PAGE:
I had hoped (alas) that the anchor would ask good questions and that I could, at some point, make reference to the following quotes:

First of all, faith is not an emotion, not a feeling. It is not a blind subconscious urge toward something vaguely supernatural. It is not simply an elemental need in man’s spirit. It is not a feeling that God exists. It is not a conviction that one is somehow saved or ‘justified’ for not special reason except that one happens to feel that way. It is not something entirely interior and subjective, with no reference to any external motive. It is not just ‘soul force.’ It is not something that bubbles up out of the recesses of your soul and fills you with an indefinable ‘sense’ that everything is all right. It is not something so purely yours that its content is incommunicable. It is not some personal myth of your own that you cannot share with anyone else, and the objective validity of which does not matter either to your or God or anybody else.

But also it is not an opinion. It is not a conviction based on rational analysis. It is not the fruit of scientific evidence. You can only believe what you do not know. As soon as you know it, you no longer believe it, at least not in the same way as you know it.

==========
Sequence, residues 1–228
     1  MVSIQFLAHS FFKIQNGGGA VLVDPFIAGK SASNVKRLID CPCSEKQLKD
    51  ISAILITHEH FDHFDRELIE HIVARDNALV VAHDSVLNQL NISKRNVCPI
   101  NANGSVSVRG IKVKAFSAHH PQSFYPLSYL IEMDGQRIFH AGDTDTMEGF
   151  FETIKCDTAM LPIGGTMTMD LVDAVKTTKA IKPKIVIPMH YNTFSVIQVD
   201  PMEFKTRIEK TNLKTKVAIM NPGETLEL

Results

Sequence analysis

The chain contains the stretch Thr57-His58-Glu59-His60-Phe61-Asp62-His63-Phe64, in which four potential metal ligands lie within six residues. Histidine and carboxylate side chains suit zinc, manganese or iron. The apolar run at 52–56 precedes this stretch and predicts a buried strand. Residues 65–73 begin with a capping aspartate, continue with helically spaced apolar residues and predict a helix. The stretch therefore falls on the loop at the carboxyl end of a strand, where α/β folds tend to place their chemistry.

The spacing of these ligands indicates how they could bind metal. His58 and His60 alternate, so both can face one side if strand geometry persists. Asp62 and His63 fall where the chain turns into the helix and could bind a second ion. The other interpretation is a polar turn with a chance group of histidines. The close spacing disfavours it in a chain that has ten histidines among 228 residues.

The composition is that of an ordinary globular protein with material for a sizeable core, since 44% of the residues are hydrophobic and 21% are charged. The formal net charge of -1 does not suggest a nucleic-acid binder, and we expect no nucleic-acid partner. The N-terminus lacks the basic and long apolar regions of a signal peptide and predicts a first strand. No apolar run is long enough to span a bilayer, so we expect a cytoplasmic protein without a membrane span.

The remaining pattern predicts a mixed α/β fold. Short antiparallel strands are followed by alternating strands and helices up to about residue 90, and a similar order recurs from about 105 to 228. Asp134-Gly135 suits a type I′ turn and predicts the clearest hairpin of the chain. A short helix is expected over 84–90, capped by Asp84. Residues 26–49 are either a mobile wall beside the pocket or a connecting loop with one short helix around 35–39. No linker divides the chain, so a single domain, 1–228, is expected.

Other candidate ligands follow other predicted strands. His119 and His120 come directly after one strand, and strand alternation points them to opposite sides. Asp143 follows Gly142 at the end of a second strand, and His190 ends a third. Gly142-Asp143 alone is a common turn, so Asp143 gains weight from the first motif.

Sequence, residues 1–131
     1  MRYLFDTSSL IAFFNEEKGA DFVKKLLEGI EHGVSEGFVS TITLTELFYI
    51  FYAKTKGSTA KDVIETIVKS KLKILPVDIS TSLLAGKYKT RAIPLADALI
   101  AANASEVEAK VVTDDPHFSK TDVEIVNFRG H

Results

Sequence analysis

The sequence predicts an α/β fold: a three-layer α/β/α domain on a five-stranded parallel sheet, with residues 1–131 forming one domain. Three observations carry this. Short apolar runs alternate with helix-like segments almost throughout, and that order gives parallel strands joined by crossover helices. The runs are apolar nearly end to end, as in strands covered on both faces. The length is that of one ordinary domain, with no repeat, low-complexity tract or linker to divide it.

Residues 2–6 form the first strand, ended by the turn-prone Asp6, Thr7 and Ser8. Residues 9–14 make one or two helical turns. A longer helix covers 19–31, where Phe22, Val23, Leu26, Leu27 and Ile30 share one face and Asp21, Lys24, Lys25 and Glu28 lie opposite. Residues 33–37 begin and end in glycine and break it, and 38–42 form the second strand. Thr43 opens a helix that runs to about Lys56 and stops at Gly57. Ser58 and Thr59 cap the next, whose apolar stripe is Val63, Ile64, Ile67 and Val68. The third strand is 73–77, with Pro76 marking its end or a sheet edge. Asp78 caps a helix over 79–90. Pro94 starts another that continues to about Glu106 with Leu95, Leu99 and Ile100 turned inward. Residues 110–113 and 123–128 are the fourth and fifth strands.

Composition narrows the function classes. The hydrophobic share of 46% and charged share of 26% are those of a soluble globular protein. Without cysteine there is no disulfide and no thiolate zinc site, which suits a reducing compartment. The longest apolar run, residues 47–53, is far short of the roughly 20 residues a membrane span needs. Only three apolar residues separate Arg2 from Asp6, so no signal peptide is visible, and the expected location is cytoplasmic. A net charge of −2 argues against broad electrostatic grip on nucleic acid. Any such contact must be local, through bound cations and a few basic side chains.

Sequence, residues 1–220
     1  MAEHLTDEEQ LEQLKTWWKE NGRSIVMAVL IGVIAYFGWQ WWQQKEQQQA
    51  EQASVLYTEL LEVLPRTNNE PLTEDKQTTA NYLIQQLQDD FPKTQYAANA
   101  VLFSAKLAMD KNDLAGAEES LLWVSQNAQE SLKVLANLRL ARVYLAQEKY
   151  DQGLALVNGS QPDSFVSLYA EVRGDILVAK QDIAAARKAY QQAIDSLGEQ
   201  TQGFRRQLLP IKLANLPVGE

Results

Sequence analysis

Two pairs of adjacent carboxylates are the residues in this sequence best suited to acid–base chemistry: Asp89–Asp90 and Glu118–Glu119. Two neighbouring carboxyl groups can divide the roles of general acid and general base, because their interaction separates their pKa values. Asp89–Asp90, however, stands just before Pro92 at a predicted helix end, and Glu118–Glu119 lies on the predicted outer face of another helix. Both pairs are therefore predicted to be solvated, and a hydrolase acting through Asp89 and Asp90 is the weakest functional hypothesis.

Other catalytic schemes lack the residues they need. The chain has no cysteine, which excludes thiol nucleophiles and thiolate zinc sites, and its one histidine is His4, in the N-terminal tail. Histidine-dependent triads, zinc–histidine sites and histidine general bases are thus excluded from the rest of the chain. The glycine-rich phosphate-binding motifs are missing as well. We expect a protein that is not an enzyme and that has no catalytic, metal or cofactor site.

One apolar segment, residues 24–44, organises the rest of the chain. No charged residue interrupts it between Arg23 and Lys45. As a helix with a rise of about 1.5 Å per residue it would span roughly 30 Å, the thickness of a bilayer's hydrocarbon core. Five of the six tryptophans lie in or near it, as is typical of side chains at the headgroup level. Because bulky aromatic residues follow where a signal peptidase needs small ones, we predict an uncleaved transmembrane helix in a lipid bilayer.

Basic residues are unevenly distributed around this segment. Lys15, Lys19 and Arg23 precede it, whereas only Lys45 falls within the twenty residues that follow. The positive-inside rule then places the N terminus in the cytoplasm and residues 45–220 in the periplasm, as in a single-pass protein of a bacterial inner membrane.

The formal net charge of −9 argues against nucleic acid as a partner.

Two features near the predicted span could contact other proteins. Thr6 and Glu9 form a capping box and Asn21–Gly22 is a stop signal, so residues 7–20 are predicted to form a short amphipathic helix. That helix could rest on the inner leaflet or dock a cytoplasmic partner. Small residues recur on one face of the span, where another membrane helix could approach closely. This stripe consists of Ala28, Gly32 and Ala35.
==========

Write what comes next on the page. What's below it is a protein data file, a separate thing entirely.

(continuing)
AND

Too often our notion of faith is falsified by our emphasis on the statements about God which faith believes, and by our forgetfulness of the fact that faith is a communion with God’s own light and truth. Actually, the statements, the propositions which faith accepts on the divine authority are simply media through which one passes in order to reach the divine Truth. Faith terminates not in a statement, not in a formula of words, but in God.

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A Sort of Homecoming:
God Girl returns to Chicago 4/29

Hey all in Chicago and environs:

Join me at 6 p.m. Thursday, April 29 at St. James Cathedral (Huron and Wabash in Chicago) for the inaugural address of the new “Consider This …” series, sponsored by the Sunday Evening Club, The Episcopal Diocese of Chicago, Seabury-Western Seminary and St. James Cathedral.

I’ll be talking about grace and will be interviewed by my esteemed colleague and friend, Manya “The Seeker” Brachear of the Chicago Tribune.

A pre-reception begins at 5:15 p.m. Admission is free.

RSVP HERE

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Bolivar, Missouri – here I come.

This week, I’ll be spending some quality time in the Heartland, as a guest speaker at Southwest Baptist University in Bolivar, MO.

If you find yourself in that part of the world, I’ll be speaking at chapel Monday and Wednesday mornings, and delivering a lecture (on spirituality and pop culture) at 7 p.m. Monday in Pike Auditorium. At 6:30 p.m. Tuesday, also in Pike Auditorium, the university will be screening the Coens’ “O Brother, Where Art Thou?” and I’ll be hosting a Q&A session immediately following the film.

Both evening sessions are free and open to the public.